Saturday, April 15, 2017
Fire Study by Maria V. Snyder
My rating: 3 of 5 stars
Book 3 in the series. It picks up right where book two left off. You definitely want to read the first two before reading this one. Fans of the first two novels will be very happy with this book.
In this book, Yelena faces her toughest adversary, yet. Not only are the rogue magicians practicing blood magic, they are in league with a spirit (demon?) from the fire realm - the underworld. He is attacking Yelena through fires, and she is unable to protect herself. In addition, the Council of Sitia and the First Magician continue to be suspicious, and outright hostile to Yelena. She has to find a way to conquer the fire spirit, and to combat the increasingly powerful evil magicians. As usual, she manages to do so, but not without many dire encounters that she barely escapes. She has more lives than a cat!
And that brings up one of my complaints - Yelena doesn't seem to change much, despite all she's gone through. Yes, she does grow as a magician, but as a person she remains foolishly headstrong and stubborn. I got a little tired of Yelena rushing headlong into situations, only to have her miraculously rescued, or for her to get out of some situation - yet again - by the skin of her teeth. It got pretty repetitious after three books.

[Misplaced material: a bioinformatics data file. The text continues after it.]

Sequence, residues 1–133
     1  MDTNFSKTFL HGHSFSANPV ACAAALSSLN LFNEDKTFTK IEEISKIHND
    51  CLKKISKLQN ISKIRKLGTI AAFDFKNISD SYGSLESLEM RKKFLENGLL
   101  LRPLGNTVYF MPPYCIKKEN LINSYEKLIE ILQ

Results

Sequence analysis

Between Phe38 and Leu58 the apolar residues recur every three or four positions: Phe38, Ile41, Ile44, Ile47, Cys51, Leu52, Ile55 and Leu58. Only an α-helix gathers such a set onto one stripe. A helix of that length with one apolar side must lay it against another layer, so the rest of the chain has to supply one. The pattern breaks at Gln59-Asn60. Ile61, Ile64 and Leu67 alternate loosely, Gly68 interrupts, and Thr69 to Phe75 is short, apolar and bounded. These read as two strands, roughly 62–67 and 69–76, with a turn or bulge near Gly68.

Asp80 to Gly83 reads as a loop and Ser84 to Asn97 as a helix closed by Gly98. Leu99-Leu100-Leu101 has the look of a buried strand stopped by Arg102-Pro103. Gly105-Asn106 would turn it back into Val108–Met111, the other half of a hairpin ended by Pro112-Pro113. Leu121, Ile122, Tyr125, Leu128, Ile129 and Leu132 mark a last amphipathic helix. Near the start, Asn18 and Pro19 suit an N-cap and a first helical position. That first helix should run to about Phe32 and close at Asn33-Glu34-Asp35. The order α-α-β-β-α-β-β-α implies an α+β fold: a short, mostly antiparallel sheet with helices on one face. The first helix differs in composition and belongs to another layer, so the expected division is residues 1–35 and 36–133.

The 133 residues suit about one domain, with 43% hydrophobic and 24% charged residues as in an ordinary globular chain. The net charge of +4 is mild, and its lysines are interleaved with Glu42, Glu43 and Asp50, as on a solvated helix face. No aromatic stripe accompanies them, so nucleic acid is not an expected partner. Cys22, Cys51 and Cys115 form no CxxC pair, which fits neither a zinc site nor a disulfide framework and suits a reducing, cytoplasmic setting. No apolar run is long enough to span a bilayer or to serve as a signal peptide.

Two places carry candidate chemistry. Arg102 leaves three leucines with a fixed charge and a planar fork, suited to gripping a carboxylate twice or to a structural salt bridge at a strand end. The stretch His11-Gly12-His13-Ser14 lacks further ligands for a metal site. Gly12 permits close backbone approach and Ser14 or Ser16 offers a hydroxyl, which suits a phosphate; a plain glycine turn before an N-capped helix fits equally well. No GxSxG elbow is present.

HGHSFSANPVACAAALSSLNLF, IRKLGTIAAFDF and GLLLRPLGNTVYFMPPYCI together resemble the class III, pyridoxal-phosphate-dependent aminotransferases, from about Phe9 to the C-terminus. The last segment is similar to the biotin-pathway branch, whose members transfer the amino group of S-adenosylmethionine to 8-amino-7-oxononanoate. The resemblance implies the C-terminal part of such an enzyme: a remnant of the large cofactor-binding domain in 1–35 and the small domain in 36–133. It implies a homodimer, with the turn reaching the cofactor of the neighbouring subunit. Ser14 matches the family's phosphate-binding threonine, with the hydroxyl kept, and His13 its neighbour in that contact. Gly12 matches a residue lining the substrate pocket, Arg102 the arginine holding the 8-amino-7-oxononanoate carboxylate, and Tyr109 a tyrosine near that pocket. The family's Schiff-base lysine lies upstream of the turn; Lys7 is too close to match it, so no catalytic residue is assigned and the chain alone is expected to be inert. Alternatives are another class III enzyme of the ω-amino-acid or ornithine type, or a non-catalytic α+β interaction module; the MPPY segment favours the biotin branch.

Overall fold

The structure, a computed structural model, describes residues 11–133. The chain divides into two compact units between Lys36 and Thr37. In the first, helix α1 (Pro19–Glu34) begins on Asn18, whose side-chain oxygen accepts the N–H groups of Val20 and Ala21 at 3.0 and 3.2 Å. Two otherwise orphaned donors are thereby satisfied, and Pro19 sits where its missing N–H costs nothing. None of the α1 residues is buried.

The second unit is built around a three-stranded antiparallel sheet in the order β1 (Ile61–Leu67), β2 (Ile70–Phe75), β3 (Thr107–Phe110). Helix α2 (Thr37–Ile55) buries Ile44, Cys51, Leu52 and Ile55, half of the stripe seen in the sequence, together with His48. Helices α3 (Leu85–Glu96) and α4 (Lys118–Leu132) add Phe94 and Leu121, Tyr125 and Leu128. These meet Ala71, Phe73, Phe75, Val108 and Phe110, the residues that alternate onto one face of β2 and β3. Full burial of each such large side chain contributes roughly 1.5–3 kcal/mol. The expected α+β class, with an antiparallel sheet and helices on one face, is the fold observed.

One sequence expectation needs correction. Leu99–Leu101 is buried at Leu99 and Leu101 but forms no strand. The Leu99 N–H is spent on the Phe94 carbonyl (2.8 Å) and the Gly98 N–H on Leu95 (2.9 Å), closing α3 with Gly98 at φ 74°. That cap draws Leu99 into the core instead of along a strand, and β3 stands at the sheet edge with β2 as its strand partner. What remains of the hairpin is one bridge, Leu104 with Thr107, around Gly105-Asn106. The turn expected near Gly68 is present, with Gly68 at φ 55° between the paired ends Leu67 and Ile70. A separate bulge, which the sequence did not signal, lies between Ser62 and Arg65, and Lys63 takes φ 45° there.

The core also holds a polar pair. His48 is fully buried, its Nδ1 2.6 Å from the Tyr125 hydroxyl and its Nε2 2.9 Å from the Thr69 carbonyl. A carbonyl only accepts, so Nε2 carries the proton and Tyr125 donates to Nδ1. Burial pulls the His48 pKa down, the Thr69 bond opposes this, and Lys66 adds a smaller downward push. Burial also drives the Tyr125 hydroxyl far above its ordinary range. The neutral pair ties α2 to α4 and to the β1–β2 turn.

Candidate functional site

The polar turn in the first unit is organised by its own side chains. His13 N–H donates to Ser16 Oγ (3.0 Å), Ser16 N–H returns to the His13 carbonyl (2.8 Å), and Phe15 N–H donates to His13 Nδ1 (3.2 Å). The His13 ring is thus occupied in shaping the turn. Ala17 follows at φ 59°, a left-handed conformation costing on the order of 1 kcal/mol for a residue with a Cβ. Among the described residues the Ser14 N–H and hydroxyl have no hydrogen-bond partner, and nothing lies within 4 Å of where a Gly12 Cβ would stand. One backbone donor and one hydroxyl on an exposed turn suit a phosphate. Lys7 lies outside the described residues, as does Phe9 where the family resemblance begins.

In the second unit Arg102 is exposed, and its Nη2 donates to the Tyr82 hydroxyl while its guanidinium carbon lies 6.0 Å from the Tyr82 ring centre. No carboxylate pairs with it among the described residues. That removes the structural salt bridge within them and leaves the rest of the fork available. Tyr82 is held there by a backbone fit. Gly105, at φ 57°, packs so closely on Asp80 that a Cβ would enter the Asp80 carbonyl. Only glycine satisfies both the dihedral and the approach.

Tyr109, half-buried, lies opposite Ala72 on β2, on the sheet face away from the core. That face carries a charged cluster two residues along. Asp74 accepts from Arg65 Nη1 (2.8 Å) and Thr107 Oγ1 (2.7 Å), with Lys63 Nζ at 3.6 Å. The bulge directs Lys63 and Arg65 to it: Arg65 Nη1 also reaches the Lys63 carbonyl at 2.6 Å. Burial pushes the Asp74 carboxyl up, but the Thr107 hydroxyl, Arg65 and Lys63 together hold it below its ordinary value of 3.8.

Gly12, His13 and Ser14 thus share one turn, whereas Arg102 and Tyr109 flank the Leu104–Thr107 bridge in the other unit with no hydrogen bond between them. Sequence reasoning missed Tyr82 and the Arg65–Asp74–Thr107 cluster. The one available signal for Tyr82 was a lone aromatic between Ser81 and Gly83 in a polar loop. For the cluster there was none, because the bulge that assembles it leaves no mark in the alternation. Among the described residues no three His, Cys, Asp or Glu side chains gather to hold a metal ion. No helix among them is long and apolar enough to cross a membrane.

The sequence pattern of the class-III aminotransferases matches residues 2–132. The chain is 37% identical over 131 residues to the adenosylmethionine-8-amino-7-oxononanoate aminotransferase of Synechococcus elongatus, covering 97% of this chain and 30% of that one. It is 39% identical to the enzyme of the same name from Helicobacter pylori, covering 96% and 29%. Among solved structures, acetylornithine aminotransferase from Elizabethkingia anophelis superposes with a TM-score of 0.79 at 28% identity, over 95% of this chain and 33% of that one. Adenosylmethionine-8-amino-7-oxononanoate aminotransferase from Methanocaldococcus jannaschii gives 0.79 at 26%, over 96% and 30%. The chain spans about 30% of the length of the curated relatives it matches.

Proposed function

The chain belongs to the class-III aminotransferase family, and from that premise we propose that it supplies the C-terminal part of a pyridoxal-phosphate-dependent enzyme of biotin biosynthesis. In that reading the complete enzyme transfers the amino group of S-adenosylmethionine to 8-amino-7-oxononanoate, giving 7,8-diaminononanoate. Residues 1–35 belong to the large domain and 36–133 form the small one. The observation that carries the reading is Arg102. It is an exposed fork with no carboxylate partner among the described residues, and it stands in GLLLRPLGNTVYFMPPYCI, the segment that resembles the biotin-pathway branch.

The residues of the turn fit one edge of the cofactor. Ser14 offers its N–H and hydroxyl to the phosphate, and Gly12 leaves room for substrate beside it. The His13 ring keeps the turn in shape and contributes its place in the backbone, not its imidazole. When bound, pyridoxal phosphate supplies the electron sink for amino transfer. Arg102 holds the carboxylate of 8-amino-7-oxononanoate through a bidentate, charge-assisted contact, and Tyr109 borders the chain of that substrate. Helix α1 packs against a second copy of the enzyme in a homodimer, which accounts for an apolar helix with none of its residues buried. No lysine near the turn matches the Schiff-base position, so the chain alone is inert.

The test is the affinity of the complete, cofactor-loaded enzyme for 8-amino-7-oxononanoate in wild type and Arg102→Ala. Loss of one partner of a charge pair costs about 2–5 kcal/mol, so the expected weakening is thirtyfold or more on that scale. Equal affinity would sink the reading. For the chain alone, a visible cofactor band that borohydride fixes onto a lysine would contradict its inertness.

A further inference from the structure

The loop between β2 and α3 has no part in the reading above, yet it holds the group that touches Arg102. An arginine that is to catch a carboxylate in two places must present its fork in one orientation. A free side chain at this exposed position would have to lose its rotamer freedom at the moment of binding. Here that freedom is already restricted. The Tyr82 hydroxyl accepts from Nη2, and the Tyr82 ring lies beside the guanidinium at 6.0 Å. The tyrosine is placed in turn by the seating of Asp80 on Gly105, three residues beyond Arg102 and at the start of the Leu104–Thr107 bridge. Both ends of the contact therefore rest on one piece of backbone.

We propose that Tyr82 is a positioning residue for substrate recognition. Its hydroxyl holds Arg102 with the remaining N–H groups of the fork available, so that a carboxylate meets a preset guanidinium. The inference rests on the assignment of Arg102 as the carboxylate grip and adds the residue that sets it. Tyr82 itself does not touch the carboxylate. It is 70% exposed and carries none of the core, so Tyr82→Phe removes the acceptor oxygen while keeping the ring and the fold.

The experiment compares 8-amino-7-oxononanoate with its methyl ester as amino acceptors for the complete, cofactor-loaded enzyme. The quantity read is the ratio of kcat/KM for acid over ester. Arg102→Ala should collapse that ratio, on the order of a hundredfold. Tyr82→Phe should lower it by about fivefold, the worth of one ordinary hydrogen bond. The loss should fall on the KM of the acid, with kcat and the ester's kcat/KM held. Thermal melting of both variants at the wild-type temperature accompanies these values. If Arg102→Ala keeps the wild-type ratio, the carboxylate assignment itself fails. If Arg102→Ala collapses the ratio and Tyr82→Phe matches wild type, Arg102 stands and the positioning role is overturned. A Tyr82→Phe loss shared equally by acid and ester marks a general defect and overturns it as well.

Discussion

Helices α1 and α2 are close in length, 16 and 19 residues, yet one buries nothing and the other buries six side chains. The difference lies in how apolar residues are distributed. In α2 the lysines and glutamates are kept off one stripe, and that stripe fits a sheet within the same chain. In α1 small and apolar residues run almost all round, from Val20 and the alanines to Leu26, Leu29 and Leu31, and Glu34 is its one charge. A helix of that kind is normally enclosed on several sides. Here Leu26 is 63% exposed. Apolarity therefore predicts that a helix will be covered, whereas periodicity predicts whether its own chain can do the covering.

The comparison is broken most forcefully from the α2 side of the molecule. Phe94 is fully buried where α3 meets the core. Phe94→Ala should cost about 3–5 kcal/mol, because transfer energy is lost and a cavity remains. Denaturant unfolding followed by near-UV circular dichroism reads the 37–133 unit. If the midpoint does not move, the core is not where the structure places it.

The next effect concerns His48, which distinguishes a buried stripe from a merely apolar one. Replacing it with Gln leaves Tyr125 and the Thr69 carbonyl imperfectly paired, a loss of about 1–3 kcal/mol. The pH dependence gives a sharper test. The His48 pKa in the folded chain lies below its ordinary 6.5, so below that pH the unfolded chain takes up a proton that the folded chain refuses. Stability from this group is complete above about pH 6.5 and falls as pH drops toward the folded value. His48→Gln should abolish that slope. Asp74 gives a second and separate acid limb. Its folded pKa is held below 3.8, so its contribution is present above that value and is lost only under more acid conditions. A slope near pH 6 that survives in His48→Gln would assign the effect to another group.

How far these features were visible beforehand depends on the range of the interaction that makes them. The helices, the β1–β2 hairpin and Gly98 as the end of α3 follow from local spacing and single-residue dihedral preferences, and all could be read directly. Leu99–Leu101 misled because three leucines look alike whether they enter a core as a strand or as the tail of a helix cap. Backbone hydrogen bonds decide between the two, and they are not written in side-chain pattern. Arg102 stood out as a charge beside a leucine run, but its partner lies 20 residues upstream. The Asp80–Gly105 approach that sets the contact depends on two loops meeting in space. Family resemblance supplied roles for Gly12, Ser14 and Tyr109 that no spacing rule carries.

And - my biggest complaint - once again the author is using Earth terms and phrases in a completely made up fantasy world! At one point, when Yelena was reading someone's mind, she sees in his memories that he was "sodomized." Uh, that term comes from the ancient Biblical city of Sodom, and the myth about men raping other men there. On EARTH. In THIS WORLD. There is no way that in the world of Sitia/Ixia that they also just happened to have an ancient city called Sodom, that also just happened to have a myth about male rape. This is just lazy, lazy world building. Additionally, the author uses the term "voila" - the FRENCH term for "ta-da!" But, it gets worse. She can't even spell it correctly; she spelled it "wal-ah." For an author who has an MFA, this is completely inexcusable!!! Lazy world-building PLUS bad spelling!!!
It's a darn good thing that the author is otherwise a pretty good storyteller. Pacing is always good, the story has a good mix of tension and light humor, with just a splash of romance. But any fan of REAL fantasy, who has read the likes of Patrick Rothfuss or George R. R. Martin will be just as irritated as I am with the poor world-building. Readers who just want a fun, diverting semi-fantasy, semi-romance read will not be disappointed.